What does it mean to be smart? Is it the ability to reason
logically, to perform complex mathematical feats or recall obscure bits of
information? Or is it skillful functioning in a world where things are
constantly changing and demanding our attention? Claxton argues that in real
life, we must use not only our brain but our arms and legs and everything else
to figure out what to do next, and that this is the true meaning of
intelligence. Being smart, according to this author, really has little to do
with the ability to reason well.
A passage from a page near the end of this book captures the
author’s main point:
“I think it is time to reclaim the concept of intelligence
from the abstract world of disembodied symbols and propositions, logical
arguments and rigorous deductions, and proclaim its wider relevance to the
challenges and complexities of everyday life. To deal well with life’s demands
requires a full body – not just for getting around and implementing actions,
but because a well-integrated, well-tuned, highly resonant body is itself the
organ of intelligence. The brain plays an important part in that integration,
allowing loops of information from the skin and the spleen, the hands and the
heart, the gut and the gullet to be brought together in fruitful discourse. But
without all those loops carrying fast-changing information about what is
possible and what is desirable, and without the constant conversation between
all the far-flung outposts of the body, the brain would not be intelligent at
all. It is only as good as the intelligence it receives. The condition of my
body, and my awareness of its humming, shimmering activity, constantly
modulates my ability to be smart.”
A recurring motif in this book is that we do not have bodies—we are bodies. The author argues that the brain is not so much the
“executive in charge” of our bodies, but, rather, the organ that responds to
multiple streams of intelligence and information coming into it from all
corners of the body. It isn’t so much that we “think” with our gut as that we
“know” in our gut.
A number of fascinating experiments are reviewed and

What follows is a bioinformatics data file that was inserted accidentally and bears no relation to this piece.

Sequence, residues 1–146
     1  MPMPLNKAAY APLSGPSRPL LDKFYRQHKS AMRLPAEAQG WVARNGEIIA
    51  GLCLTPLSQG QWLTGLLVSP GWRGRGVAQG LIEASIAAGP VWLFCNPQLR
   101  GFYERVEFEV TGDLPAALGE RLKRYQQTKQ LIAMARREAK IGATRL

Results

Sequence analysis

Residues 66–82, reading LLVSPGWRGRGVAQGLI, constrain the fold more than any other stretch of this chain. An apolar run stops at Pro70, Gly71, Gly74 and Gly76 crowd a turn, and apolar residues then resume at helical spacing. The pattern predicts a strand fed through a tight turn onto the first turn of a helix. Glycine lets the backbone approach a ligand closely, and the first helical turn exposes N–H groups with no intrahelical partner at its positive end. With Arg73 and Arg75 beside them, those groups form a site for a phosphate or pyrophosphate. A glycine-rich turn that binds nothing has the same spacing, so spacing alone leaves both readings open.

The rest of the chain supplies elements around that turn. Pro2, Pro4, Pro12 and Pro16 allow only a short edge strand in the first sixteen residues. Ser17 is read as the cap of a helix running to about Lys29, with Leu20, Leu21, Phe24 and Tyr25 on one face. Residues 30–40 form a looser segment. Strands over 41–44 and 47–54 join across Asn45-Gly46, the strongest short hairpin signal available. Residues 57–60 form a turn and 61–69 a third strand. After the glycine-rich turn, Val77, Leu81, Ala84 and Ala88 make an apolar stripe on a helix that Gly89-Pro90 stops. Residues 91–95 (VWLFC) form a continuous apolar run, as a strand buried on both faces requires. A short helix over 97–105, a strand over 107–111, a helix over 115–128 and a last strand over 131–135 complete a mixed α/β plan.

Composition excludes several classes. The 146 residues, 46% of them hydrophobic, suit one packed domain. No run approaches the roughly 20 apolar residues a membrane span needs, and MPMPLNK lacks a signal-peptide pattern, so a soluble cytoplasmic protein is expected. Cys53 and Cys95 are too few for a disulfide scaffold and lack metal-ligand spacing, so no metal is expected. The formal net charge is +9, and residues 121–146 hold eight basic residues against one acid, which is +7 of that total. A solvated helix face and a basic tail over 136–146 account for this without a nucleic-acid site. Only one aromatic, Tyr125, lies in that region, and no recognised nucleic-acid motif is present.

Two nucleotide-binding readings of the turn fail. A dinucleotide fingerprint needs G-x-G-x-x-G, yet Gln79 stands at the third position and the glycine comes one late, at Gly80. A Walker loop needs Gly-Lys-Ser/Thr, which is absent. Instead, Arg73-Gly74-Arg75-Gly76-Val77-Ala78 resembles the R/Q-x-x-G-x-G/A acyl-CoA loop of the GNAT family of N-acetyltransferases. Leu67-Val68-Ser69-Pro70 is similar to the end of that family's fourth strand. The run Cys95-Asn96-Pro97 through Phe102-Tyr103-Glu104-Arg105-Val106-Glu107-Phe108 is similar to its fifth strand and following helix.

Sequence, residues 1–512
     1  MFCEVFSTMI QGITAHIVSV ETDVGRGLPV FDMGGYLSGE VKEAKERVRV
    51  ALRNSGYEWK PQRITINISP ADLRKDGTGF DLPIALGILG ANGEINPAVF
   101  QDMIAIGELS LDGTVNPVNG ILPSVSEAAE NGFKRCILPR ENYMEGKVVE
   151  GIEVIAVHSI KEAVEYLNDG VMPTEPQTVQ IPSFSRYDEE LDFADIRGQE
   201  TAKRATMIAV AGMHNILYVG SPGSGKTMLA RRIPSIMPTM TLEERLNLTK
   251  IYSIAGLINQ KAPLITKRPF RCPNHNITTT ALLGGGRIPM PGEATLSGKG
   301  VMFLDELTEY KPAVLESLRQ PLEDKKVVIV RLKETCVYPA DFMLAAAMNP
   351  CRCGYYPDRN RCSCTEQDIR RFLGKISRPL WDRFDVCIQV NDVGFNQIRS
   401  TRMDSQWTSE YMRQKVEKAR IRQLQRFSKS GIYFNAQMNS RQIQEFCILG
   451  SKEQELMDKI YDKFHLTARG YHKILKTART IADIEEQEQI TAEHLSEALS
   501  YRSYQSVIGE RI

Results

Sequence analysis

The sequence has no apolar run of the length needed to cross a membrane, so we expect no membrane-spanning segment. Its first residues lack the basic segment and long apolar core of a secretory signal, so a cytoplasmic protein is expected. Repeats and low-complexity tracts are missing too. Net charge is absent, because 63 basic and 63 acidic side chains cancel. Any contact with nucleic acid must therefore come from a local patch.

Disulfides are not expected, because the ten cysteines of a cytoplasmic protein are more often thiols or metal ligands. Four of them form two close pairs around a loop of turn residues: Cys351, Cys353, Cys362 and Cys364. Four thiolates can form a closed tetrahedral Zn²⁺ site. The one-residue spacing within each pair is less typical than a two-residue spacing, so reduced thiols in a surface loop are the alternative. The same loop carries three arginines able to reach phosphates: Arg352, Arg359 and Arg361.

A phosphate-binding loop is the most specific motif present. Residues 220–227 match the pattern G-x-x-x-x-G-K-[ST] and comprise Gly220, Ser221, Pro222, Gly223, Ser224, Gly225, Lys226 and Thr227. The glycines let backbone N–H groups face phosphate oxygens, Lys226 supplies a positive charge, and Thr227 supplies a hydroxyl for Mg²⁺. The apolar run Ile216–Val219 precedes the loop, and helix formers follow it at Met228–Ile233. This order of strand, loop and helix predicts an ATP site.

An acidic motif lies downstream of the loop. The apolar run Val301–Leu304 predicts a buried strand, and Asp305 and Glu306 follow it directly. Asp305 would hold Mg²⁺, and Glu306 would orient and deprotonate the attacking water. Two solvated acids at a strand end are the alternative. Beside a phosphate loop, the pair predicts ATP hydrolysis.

described in this easy-to-read book, including a number of interesting studies
involving measurements of electrical conductance in the skin. One particularly
fascinating experiment showed that people who were presented with stacks of
cards to choose from “figured out” the pattern in those stacks first in their
bodies, and only later in their minds. Measurements of skin conductivity showed
unmistakable “blips” of activity when their hand hovered over the correct stack
before they were able to explain why they were choosing that particular card.
Only later, if ever, were they able to articulate the way they’d solved the
In another experiment, children were shown photos of kids,
some from their own kindergarten class, and even when they claimed to not
recognize the kids in the photos, their skin conductance showed a noticeable
jump upward when they gazed at pictures of children they had gone to school
with. So, their bodies “knew” their former classmates, even if they had no
mental recall of that.
I have known for a long time that my body “knows” things
before my mind does, so it’s exciting to find that this truth has now been
confirmed with controlled scientific studies. Other studies are summarized that
show that merely changing the body’s posture can effect a change in mood or
emotion, another truth that many of us have already figured out on our own.
These and other fascinating experiments are summarized and described in
easy-to-understand language and it's a fascinating glimpse into a body of
literature that many people will never have the chance to read. In the realm of
“science books for the public,” this one is one of the best I’ve read recently.
There’s a lot of review in this book for those of us already
familiar with the workings of the human body, with theories of complex adaptive
systems (which the body is) and with ways to increase awareness of one’s own
body through techniques such as yoga and tai chi, but I think this is fine
since it means the main ideas will be accessible to all readers. There’s a
complete set of notes and references and a very well-done index, too, all of
which make the book even more useful than most.
It’s been a long time since I read a nonfiction book on this
sort of topic and, I have to admit, I found it a little dry, despite the fact
that the author makes a good attempt to keep the tone light and to inject humor
when explaining complex ideas. Again, this could be because much of the book
(at least the first half and portions of the second) were review for me, so I
wasn’t learning much. This really isn’t the fault of the book, though—it just
shows that I may not be the intended audience.
If you’re curious about how your body makes you smart, and
want to learn how to improve your body’s learning abilities, take a look at
this book and try some of the techniques he suggests. Yoga. Tai chi.
Biofeedback. All of these (and other body-awareness methods) will open your
mind to all sorts of new possibilities. I would add to that list Feldenkrais,which is a body-awareness method that has opened up all sorts of new realms of